#123movies #fmovies #putlocker #gomovies #solarmovie #soap2day Watch Full Movie Online Free – Hayes Hodges finds his career aspirations dashed when he’s wounded in Vietnam combat. He then returns to America and becomes a disillusioned lawyer who goes up against the service to defend Colonel Terry Childers, who is accused of inciting an incident that leaves many demonstrators dead. Hodges in no position to decline: Childers heroically saved his life back in Vietnam.
Plot: Part war movie, part courtroom thriller, this gripping drama finds a war hero put on trial for a rescue mission gone terribly wrong with only his doubtful friend and fellow marine to represent him.
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|6.4/10 Votes: 44,583|
|6.2 Votes: 457 Popularity: 14.648|
A good ride, good actors, some flaws.
Last week, as I considered ordering this DVD, I checked the IMDB rating and saw a “fair” 6.5. Since I like Tommy Lee Jones and Samuel L. Jackson, I placed the order. Like most roller coasters, I found it to be a good ride and Jones and Jackson did very credible jobs. The flaws in the movie have been correctly pointed out by numerous other reviewers. I was somewhat surprised that some of the most critical reviews were by US viewers. I fully understand how non-US citizens would be irritated by the stereotypes. I found it to be a very exciting movie from my particular perspective (US citizen, military family, male over 45). The scenes of combat when the marines are ordered to the US embassy in Yemen to safeguard our state department personnel were VERY well done, even to the point of gripping. The court scenes and conflicts of evidence or lack of evidence were interesting to me and I also understood, but did not agree with, the aims of the State Department. I don’t think some of the reviewers are aware of what a person might do in such an extremely stressful situation as that of Colonel Childers (Jackson). It was fascinating to me to see what he did do and how he and others looked back on it. I would have given Rules of Engagement a 9 or 10, but for the flaws. It’s a good movie though and well worth renting. It’s an 8.
The first time I saw this movie, I loved it. But at a second viewing, I realized with dismay that there was a major discrepancy in it that invalidated the entire point of the film. Almost every movie has a goof or an inconsistency, and while that annoys me sometimes it usually doesn’t take away from the overall value of the film: Silence of the Lambs, a great movie, has no fewer than four major inconsistent or contradictory moments in it. The problem with this movie is that the contradiction goes to the very essence of the movie’s theme. Briefly, the plot goes thusly: Samuel Jackson is in charge of a unit of Marines which is sent to an unspecified US embassy to protect it from increasingly hostile mobs. At some point, the mob becomes violent and, more, begins attacking the embassy. Jackson spirits out the ambassador and his wife, along with other staff, and then defends the embassy. Finally, he gives the order to fire into the crowd that is stoning and shooting at the building, and the unit does so with devastating results. When the smoke clears, dozens lie dead and many more wounded, including many women and children, and not a weapon is in sight. The resulting furor and outrage leads to a court-martial for Jackson. The central thesis of the film is that Jackson and Jackson alone saw the weapons. For reasons which are explained but are not totally convincing, a State Department employee destroys the surveillance tape from the embassy which clearly shows the weapons being fired by the mob. The rest of the movie describes how Jackson is defended by Tommy Lee Jones, who undertakes his own investigation.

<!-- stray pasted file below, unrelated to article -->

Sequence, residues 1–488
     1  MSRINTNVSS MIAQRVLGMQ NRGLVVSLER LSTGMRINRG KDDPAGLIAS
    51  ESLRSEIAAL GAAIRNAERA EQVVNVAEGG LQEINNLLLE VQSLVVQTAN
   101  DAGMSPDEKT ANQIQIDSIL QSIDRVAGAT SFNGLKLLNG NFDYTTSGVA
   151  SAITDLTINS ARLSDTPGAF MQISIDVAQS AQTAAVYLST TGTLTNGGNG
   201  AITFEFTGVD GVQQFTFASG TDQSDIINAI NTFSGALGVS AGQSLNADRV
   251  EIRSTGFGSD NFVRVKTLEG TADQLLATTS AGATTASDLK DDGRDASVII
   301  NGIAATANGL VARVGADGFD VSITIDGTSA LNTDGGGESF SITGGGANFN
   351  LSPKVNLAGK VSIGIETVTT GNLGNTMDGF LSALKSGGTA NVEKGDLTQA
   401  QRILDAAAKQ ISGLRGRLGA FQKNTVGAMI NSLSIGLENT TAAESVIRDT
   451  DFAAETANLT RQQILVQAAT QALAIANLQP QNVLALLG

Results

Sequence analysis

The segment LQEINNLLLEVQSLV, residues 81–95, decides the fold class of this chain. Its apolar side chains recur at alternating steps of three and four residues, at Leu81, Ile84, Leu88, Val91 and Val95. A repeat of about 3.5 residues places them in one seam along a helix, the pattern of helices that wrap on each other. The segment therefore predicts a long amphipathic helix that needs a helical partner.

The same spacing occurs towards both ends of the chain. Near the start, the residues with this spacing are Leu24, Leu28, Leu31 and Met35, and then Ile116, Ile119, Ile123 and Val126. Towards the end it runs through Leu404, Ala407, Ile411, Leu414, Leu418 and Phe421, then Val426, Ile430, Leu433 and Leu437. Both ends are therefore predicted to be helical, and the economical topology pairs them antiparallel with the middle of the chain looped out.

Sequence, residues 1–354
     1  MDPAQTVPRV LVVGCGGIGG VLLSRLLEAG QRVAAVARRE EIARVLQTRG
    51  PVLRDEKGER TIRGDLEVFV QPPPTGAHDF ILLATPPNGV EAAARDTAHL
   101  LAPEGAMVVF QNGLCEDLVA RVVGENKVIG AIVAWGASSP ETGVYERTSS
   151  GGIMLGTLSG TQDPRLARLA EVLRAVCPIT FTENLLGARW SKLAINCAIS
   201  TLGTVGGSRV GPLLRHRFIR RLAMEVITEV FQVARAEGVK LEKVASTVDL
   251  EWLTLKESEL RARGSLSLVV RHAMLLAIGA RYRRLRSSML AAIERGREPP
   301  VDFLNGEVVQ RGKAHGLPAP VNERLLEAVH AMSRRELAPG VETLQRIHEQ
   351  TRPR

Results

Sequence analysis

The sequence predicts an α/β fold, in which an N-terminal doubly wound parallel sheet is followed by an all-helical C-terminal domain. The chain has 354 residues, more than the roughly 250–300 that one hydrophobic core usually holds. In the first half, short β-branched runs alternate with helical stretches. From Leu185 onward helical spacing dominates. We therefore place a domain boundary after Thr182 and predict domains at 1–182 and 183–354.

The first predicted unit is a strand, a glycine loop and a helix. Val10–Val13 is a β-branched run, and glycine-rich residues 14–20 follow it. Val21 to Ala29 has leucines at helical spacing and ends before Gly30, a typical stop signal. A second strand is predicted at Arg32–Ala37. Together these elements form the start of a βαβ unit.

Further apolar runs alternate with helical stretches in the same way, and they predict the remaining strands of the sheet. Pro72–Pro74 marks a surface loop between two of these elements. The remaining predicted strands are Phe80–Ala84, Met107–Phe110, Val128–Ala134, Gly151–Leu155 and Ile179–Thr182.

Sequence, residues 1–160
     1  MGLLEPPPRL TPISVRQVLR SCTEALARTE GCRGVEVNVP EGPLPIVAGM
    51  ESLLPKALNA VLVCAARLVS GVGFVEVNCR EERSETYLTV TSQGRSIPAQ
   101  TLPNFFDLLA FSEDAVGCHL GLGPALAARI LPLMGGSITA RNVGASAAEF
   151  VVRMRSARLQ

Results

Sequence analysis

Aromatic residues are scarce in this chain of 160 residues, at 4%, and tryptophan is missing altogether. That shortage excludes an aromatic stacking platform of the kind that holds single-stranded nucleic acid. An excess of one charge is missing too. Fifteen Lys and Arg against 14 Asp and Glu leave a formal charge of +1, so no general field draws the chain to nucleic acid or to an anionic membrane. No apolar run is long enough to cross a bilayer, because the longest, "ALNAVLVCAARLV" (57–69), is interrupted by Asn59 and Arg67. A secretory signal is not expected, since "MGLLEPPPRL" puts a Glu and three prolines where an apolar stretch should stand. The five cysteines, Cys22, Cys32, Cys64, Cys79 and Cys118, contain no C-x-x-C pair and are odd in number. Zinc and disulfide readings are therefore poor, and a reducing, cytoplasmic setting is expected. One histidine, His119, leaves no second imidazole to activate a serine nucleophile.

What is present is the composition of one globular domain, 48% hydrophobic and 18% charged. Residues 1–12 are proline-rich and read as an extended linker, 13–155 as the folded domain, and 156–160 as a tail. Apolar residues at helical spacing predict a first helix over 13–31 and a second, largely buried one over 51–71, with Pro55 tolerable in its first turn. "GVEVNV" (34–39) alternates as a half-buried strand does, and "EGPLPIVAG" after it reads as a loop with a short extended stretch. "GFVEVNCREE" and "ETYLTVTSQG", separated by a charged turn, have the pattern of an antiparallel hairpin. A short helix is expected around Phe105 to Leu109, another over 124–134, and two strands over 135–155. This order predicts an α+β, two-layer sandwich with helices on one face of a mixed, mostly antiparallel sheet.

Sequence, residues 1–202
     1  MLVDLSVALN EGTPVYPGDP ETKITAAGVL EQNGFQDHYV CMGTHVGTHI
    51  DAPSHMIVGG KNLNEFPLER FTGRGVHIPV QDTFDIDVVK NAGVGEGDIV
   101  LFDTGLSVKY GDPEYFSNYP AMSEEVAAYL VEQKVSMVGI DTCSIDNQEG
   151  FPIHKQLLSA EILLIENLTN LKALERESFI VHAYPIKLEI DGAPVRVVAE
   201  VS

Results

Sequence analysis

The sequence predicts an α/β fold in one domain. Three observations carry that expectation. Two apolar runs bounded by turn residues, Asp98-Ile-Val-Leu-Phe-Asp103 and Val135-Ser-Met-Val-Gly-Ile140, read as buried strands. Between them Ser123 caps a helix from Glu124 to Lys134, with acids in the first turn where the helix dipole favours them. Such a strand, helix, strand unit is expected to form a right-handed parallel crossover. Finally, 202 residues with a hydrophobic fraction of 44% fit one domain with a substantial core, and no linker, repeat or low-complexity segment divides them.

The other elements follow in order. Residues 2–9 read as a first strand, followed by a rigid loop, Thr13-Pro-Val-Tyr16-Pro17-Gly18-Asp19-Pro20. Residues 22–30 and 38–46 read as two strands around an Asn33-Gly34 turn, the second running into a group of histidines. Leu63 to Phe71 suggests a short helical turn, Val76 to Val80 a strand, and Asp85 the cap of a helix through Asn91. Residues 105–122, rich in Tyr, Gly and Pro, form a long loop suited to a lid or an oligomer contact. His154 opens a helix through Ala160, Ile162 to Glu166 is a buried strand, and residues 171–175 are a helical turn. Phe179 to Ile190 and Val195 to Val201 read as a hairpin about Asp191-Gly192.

This whole thesis falls apart, however, when you watch the scene where the Marines begin firing into the crowd. There are two impossibilities here that Friedkin (the director) asks us to swallow: 1, that an entire platoon of Marines –roughly thirty men– rise up over the wall, aim their weapons and fire for ten to fifteen seconds –and not a single one of them sees a weapon. Impossible. Even less possible: 2, after the firing stops, all the weapons that were in the crowd (and shown on the surveillance tape) disappear –just like that! Where did they go? Thirty marines are standing on a rooftop not fifty feet away from the square, looking down at it, and all those weapons are taken away without them (or the tape) seeing it. Absolutely impossible.
If this were a minor (or even major) discrepancy, but had no relation to the rest of the action, then I wouldn’t even comment on it. But the entire movie rests on the idea that only Jackson saw what he did –and that is a flat impossibility. For me, that ruined what would have otherwise been a fine film. That is very poor writing. Too bad.
Original Language en
Runtime 2 hr 8 min (128 min)
Genre Drama, Thriller, War
Director William Friedkin
Writer Jim Webb (story), Stephen Gaghan (screenplay)
Actors Tommy Lee Jones, Samuel L. Jackson, Guy Pearce, Ben Kingsley
Country UK, Germany, Canada, USA
Awards 1 win & 2 nominations.
Production Company Paramount Pictures, Roe Productions KG, Seven Arts Pictures
Sound Mix DTS, Dolby
Aspect Ratio 2.39 : 1, 2.35 : 1
Camera Panavision Panaflex Gold II, Panavision E-Series Lenses, Panavision Panaflex Platinum, Panavision E-Series Lenses, Technovision Cameras and Lenses
Laboratory DeLuxe, Hollywood (CA), USA (prints), Technicolor, Hollywood (CA), USA (dailies), Consolidated Film Industries (CFI), Hollywood (CA), USA (color)
Film Length 3,518 m (Sweden), 3,601 m (Spain)
Negative Format 35 mm (Kodak Vision 320T 5277, Vision 500T 5279, Eastman EXR 200T 5293)
Cinematographic Process Panavision (anamorphic), Technovision (anamorphic) (some scenes)
Printed Film Format 35 mm (Kodak Vision 2383)